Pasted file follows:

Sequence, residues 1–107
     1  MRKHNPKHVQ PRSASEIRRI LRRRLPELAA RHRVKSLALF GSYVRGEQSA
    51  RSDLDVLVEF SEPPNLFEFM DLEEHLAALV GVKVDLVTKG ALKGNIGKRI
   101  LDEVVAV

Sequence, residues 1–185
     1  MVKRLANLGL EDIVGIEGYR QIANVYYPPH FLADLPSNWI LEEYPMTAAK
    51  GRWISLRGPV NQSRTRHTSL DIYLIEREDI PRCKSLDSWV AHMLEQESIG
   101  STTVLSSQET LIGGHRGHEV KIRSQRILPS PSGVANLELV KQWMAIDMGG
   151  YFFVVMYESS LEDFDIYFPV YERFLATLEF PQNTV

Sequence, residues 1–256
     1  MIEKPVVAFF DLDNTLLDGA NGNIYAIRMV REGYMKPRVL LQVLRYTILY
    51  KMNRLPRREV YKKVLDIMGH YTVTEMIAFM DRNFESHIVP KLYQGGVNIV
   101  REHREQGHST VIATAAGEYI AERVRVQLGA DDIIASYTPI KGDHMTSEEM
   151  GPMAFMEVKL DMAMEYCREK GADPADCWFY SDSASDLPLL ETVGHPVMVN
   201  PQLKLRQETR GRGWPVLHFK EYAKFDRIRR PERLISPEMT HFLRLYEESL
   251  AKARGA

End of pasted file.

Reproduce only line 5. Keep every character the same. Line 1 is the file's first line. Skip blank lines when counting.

Sequence, residues 1–185